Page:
Strike Ends at Pittsburgh Press

Monthly Labor Review, February 1993 | Go to article overview

Strike Ends at Pittsburgh Press


The Teamsters' union reached a settlement with the Pittsburgh-Post Gazette, ending a 6-month work stoppage that idled Pittsburgh's two daily newspapers. The settlement eliminated a major hurdle in the sale of the Gazette's city rival, the Pittsburgh Press. The E.W. Scripps Co., owner of the Press, had earlier reached an agreement to sell the newspaper to Blade Communications, Inc., owner of the Gazette, contingent on success by the Gazette in negotiating labor contracts with the Press' unions. The purchase also depended on financing and on approval by the Justice Department, which reviews sales of one newspaper to an other for potential antitrust violations.

The Teamsters struck the Press last May, protesting the planned cut of 450 Teamster jobs. The union represented 627 drivers and circulation workers who delivered the city's two daily newspapers, which were managed under a joint operating agreement for printing and distribution by the Press of both newspapers. The striking Teamsters and members of nine other unions had been working without an agreement since December 31, 1991, when contracts covering 1,250 workers expired.

Officials of the Press said they wanted to save $25 million by streamlining its delivery system, eliminating 450 delivery and 4,500 youth carrier positions and directing the remaining drivers to drop newspapers at about 30 distribution centers for pickup by adult carriers.

The walkout prompted the shutdown of both newspapers. After the strike began, the Press stopped publishing, but reportedly used its editorial staff to put out an alternative, smaller newspaper, the Allegheny Times. The Gazette published a free, two-sided publication that it has distributed at major commuting points in the Pittsburgh area.

When the Press hired temporary workers to replace the strikers, the Teamsters feared that their members would be permanently replaced. …

The rest of this article is only available to active members of Questia

Already a member? Log in now.

Notes for this article

Add a new note
If you are trying to select text to create highlights or citations, remember that you must now click or tap on the first word, and then click or tap on the last word.
One moment ...
Default project is now your active project.
Project items
Notes
Cite this article

Cited article

Style
Citations are available only to our active members.
Buy instant access to cite pages or passages in MLA 8, MLA 7, APA and Chicago citation styles.

(Einhorn, 1992, p. 25)

(Einhorn 25)

(Einhorn 25)

1. Lois J. Einhorn, Abraham Lincoln, the Orator: Penetrating the Lincoln Legend (Westport, CT: Greenwood Press, 1992), 25, http://www.questia.com/read/27419298.

Note: primary sources have slightly different requirements for citation. Please see these guidelines for more information.

Cited article

Strike Ends at Pittsburgh Press
Settings

Settings

Typeface
Text size Smaller Larger Reset View mode
Search within

Search within this article

Look up

Look up a word

  • Dictionary
  • Thesaurus
Please submit a word or phrase above.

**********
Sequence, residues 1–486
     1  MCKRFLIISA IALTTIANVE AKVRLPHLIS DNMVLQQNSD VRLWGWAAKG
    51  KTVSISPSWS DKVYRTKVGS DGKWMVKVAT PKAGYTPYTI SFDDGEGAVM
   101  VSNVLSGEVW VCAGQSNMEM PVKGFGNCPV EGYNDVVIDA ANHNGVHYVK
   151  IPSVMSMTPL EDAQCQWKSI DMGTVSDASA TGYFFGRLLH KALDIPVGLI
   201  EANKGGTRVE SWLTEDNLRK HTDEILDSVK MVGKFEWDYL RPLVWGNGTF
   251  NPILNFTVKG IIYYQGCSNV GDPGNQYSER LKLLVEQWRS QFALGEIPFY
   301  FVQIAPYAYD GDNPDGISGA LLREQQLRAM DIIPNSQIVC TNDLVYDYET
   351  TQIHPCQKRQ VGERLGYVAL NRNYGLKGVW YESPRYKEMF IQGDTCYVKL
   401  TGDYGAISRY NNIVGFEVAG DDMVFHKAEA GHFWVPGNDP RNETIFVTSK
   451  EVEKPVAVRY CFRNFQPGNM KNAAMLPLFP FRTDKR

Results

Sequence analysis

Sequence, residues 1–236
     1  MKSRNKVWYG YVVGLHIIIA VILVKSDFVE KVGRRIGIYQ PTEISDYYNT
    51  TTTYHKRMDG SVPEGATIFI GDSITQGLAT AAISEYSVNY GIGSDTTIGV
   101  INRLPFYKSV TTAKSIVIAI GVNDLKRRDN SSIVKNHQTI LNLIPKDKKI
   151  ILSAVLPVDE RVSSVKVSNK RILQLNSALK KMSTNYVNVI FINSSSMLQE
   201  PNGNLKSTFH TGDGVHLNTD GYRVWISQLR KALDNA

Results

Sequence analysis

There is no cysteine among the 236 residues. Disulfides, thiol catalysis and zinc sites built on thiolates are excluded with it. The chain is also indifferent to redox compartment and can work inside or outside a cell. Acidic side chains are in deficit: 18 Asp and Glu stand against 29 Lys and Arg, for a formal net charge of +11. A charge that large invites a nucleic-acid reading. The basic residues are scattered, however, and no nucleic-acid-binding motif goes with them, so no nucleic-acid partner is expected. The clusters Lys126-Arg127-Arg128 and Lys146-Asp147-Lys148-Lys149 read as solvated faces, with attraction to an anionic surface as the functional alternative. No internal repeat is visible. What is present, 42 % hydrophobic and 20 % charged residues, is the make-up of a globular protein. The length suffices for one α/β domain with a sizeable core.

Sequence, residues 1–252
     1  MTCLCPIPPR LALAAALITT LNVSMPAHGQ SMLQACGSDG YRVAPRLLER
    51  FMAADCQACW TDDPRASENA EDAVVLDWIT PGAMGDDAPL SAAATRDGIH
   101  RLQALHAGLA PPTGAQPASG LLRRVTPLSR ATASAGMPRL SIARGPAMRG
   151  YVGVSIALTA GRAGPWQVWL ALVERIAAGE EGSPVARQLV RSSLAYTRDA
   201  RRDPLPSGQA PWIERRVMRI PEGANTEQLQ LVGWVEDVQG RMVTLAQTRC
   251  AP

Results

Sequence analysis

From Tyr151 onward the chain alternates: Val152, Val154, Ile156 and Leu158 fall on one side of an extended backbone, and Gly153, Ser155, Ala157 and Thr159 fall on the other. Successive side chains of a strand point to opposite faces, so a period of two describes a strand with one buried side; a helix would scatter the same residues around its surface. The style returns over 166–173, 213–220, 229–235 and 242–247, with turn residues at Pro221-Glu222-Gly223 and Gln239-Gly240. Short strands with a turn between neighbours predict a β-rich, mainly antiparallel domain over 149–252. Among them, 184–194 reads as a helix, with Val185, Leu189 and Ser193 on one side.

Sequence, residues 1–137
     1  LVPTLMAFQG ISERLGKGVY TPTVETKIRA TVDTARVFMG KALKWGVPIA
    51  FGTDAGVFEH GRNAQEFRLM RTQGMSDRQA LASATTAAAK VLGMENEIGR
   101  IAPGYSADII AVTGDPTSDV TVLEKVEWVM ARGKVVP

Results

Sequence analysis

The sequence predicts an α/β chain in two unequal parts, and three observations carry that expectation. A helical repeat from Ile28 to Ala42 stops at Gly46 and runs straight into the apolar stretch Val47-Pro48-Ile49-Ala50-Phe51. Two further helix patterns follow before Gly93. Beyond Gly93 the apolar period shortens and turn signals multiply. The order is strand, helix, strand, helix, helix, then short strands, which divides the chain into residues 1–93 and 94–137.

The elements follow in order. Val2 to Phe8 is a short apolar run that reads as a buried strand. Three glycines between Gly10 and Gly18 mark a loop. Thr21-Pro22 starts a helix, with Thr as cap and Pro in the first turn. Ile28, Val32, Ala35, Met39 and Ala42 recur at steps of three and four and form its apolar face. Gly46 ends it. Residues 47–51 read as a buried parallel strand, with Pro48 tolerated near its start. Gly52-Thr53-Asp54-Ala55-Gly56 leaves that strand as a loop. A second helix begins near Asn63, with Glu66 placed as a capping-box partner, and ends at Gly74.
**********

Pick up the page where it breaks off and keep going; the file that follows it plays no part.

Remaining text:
Print this page

Print this page

Why can't I print more than one page at a time?

Help
Full screen
Items saved from this article
  • Highlights & Notes
  • Citations
Some of your highlights are legacy items.

Highlights saved before July 30, 2012 will not be displayed on their respective source pages.

You can easily re-create the highlights by opening the book page or article, selecting the text, and clicking “Highlight.”

matching results for page

    Questia reader help

    How to highlight and cite specific passages

    1. Click or tap the first word you want to select.
    2. Click or tap the last word you want to select, and you’ll see everything in between get selected.
    3. You’ll then get a menu of options like creating a highlight or a citation from that passage of text.

    OK, got it!

    Cited passage

    Style
    Citations are available only to our active members.
    Buy instant access to cite pages or passages in MLA 8, MLA 7, APA and Chicago citation styles.

    "Portraying himself as an honest, ordinary person helped Lincoln identify with his audiences." (Einhorn, 1992, p. 25).

    "Portraying himself as an honest, ordinary person helped Lincoln identify with his audiences." (Einhorn 25)

    "Portraying himself as an honest, ordinary person helped Lincoln identify with his audiences." (Einhorn 25)

    "Portraying himself as an honest, ordinary person helped Lincoln identify with his audiences."1

    1. Lois J. Einhorn, Abraham Lincoln, the Orator: Penetrating the Lincoln Legend (Westport, CT: Greenwood Press, 1992), 25, http://www.questia.com/read/27419298.

    Cited passage

    Thanks for trying Questia!

    Please continue trying out our research tools, but please note, full functionality is available only to our active members.

    Your work will be lost once you leave this Web page.

    Buy instant access to save your work.

    Already a member? Log in now.

    Search by... Author
    Show... All Results Primary Sources Peer-reviewed

    Oops!

    An unknown error has occurred. Please click the button below to reload the page. If the problem persists, please try again in a little while.